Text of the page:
8. Addition with the block input representation before step 1.

We applied this block eleven times, increasing the dilation rate d by 1.5x each time. Relative to the densely connected version, the dilated residual blocks lead to improved generalization accuracy (S1 Fig).

In the final stage, we first transformed this 1024x768 (length x filters) representation of 128 bp windows with an additional width 1 convolution block using 1536 filters and dropout probability 0.05. To make predictions for either 5313 human or 1643 mouse datasets, we applied a final width one convolution followed by a softplus activation (f(x) = log(1 + ex)) to make all predictions positive. We attached a genome indicator bit to each sequence to determine which final layer to apply.

We trained to minimize a Poisson log likelihood in the center 896 windows, ignoring the far sides where context beyond the sequence is missing. The Poisson model is not technically appropriate for the log fold change tracks. However, by clipping negative values to zero, the distribution of values resembles that from our standard processing. Clipping to zero focuses attention on signal magnitude in regions where relevant signal is present and away from less relevant signal fluctuations in background regions. On a subset of data, we observed that using the log fold change track did not decrease accuracy or the utility of the model for genetic variant analysis.

We implemented the network in TensorFlow and used automatic differentiation to compute gradients via back propagation [59]. We minimized with stochastic gradient descent (SGD) on batches of 4 sequences. We stopped training when the loss on a validation set had not improved for 30 epochs and returned to the model weights that had achieved the minimum validation loss. We performed several grid searches to choose model and optimization hyper parameters for the following sets: (1) SGD learning rate and momentum; (2) initial convolution filters and convolution filter scaling rate; (3) dilated convolution filters and dropout rate; (4) final convolution filters and dropout rate.

Data augmentation describes a suite of techniques to expand the implicit size of the training dataset from the perspective of model training by applying transformations that preserve annotations to data examples. We tiled the 131,072 bp sequences across the chromosomes by 65,599 bp, representing a 50% overlap minus 63 bp in order to also shift the 128 window boundaries and max pooling boundaries. During training, we cycled over combinations of two transformations that maintain the relationship between sequence and regulatory signal while changing the model input: (1) reverse complementing the sequence and reversing the signal; (2) shifting the sequence 1-3 bp left or right. Both transformations improved test accuracy and reduce overfitting in our benchmarks.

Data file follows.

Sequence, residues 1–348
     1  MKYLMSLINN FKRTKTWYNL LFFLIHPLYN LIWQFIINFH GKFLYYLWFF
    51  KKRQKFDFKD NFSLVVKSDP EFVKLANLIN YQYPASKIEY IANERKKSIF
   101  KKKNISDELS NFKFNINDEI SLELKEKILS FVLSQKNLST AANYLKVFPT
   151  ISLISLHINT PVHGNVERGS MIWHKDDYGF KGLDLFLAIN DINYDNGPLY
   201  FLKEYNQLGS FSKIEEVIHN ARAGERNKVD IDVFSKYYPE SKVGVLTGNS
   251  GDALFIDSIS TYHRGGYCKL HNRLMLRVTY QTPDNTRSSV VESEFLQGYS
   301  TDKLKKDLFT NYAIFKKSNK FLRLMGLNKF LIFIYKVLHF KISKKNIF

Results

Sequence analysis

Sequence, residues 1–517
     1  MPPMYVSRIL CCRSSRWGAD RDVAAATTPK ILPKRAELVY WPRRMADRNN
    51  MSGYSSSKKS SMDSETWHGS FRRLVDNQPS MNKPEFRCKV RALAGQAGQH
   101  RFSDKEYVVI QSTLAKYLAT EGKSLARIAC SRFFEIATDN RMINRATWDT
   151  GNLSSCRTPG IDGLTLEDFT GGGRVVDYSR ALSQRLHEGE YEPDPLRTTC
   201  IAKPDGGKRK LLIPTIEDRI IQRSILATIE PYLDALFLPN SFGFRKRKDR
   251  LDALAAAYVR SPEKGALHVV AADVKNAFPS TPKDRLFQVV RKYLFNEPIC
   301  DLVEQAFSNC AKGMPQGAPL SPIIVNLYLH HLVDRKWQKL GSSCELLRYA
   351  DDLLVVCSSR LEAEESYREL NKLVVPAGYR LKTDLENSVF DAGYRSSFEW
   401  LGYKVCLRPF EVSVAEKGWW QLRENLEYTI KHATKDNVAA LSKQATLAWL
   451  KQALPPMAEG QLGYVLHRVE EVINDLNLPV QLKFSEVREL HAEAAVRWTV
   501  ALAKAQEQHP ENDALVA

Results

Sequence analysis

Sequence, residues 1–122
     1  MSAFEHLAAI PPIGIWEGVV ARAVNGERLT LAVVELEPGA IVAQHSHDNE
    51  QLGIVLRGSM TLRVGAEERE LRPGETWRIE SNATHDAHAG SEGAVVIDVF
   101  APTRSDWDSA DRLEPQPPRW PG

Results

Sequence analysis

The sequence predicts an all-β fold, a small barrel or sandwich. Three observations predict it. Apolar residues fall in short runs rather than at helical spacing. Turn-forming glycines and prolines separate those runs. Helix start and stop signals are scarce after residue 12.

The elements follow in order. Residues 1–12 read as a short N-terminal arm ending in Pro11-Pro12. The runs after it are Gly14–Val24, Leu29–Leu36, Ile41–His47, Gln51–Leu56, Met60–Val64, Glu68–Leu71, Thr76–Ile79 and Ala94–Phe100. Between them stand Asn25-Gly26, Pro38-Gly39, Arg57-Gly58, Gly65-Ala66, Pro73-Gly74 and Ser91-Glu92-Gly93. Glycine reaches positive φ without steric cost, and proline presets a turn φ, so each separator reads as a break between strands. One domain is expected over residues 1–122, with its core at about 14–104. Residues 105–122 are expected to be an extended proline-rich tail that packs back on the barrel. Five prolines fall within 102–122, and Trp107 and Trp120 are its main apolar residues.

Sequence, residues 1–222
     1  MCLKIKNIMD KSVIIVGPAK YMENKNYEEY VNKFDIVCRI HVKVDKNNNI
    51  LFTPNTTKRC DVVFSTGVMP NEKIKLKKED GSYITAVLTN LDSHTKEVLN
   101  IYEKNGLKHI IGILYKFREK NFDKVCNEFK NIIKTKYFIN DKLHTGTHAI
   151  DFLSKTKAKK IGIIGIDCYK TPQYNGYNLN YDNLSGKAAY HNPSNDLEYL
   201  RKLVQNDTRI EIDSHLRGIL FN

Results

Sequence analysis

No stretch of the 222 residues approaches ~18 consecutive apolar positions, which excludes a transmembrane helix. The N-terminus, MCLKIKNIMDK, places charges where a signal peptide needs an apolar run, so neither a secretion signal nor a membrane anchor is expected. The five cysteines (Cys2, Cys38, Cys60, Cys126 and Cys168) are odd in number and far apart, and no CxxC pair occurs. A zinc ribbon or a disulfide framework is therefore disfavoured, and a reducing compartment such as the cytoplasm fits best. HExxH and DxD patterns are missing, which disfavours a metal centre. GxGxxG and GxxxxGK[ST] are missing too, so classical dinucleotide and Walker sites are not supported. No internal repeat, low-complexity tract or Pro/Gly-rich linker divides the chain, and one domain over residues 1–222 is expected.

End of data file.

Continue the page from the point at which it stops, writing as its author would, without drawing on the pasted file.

Model implementations and instructions for re-training, predicting, and modifying them are available from https://github.com/calico/basenji.

Multi-genome training

Training on multiple genomes containing orthologous sequence complicates construction of holdout sets. Independently splitting each genome’s sequences would allow training on a human promoter and testing on its mouse orthologue. If the model memorized conserved elements of the sequence, rather than learning a general function, we might overestimate generalization accuracy.

We used the following procedure to minimize occurrence of this potential issue:

  1. Divide each genome into 1 mb regions.
  2. Construct a bipartite graph where vertexes represent these regions. Place edges between two regions if they have >100 kb of aligning sequence in a whole genome alignment.
  3. Find connected components in the bipartite graph.
  4. Partition the connected components into training, validation, and test sets.

We used the hg38-mm10 syntenic net format alignment downloaded from the UCSC Genome Browser site [60]. Using this procedure, we set aside approximately 12% of each genome into validation and test sets respectively. Stricter parameter settings created a single large connected component that did not allow for setting aside enough validation and test sequences. We estimated that < 1% of the validation and training set nucleotides have orthologous sequence from the other genome in the training set.